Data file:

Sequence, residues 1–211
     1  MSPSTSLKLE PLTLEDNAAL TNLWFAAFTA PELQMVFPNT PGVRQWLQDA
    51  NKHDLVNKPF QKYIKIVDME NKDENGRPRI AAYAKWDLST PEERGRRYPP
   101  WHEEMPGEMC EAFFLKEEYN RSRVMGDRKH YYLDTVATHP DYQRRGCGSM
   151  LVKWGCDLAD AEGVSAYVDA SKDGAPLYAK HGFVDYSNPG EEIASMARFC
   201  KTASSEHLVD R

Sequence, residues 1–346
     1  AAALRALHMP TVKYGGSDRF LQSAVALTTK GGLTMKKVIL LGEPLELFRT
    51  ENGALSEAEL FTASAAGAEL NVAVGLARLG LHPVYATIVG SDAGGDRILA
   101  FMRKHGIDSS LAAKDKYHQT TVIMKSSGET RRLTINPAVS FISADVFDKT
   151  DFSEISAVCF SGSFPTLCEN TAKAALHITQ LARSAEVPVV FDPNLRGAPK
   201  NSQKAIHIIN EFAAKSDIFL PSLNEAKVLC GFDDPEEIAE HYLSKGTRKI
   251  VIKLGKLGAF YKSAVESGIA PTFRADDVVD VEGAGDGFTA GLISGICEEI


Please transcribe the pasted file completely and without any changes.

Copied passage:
Sequence, residues 1–211
     1  MSPSTSLKLE PLTLEDNAAL TNLWFAAFTA PELQMVFPNT PGVRQWLQDA
    51  NKHDLVNKPF QKYIKIVDME NKDENGRPRI AAYAKWDLST PEERGRRYPP
   101  WHEEMPGEMC EAFFLKEEYN RSRVMGDRKH YYLDTVATHP DYQRRGCGSM
   151  LVKWGCDLAD AEGVSAYVDA SKDGAPLYAK HGFVDYSNPG EEIASMARFC
   201  KTASSEHLVD R

Sequence, residues 1–346
     1  AAALRALHMP TVKYGGSDRF LQSAVALTTK GGLTMKKVIL LGEPLELFRT
    51  ENGALSEAEL FTASAAGAEL NVAVGLARLG LHPVYATIVG SDAGGDRILA
   101  FMRKHGIDSS LAAKDKYHQT TVIMKSSGET RRLTINPAVS FISADVFDKT
   151  DFSEISAVCF SGSFPTLCEN TAKAALHITQ LARSAEVPVV FDPNLRGAPK
   201  NSQKAIHIIN EFAAKSDIFL PSLNEAKVLC GFDDPEEIAE HYLSKGTRKI
   251  VIKLGKLGAF YKSAVESGIA PTFRADDVVD VEGAGDGFTA GLISGICEEI